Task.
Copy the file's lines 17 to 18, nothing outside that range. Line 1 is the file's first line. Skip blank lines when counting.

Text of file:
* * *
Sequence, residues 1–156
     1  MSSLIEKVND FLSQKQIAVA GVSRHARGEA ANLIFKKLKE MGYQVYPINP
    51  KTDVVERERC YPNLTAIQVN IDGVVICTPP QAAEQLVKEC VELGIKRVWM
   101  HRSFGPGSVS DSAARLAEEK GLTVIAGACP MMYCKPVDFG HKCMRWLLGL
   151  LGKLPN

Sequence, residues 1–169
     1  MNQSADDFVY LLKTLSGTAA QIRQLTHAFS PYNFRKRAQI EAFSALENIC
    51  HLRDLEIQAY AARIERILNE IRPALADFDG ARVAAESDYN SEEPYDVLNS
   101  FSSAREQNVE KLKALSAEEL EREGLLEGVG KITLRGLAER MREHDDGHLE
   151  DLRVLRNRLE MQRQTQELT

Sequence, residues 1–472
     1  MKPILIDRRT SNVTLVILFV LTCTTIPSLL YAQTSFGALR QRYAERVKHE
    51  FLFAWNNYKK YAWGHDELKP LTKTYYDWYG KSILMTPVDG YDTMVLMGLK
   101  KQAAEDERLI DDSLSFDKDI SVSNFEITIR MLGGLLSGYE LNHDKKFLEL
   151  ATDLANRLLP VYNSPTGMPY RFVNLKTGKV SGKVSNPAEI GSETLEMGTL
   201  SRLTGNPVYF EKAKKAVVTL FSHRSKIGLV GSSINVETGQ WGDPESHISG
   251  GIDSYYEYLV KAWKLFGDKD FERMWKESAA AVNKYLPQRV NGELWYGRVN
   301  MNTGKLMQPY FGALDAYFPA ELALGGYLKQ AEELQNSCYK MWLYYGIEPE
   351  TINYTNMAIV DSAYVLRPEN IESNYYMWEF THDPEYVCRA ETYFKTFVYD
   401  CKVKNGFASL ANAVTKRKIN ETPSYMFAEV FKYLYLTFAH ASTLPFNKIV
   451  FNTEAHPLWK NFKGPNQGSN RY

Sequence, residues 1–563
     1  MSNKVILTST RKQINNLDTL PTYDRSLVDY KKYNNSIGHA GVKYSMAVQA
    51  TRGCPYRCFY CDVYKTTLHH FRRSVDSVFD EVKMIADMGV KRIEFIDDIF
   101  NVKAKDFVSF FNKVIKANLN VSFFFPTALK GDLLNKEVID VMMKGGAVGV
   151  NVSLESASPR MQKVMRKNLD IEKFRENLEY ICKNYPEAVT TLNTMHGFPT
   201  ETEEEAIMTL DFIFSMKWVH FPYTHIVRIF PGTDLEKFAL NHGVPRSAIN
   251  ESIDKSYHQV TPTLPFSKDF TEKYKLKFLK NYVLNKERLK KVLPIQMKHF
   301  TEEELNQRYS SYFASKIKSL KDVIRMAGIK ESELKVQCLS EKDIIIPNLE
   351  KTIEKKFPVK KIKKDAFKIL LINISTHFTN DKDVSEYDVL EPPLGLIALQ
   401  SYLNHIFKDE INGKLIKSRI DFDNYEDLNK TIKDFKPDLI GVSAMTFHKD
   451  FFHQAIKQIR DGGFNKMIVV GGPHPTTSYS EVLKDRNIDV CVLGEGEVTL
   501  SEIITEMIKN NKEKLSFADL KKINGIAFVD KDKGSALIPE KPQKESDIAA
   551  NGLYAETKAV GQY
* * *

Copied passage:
   251  GIDSYYEYLV KAWKLFGDKD FERMWKESAA AVNKYLPQRV NGELWYGRVN
   301  MNTGKLMQPY FGALDAYFPA ELALGGYLKQ AEELQNSCYK MWLYYGIEPE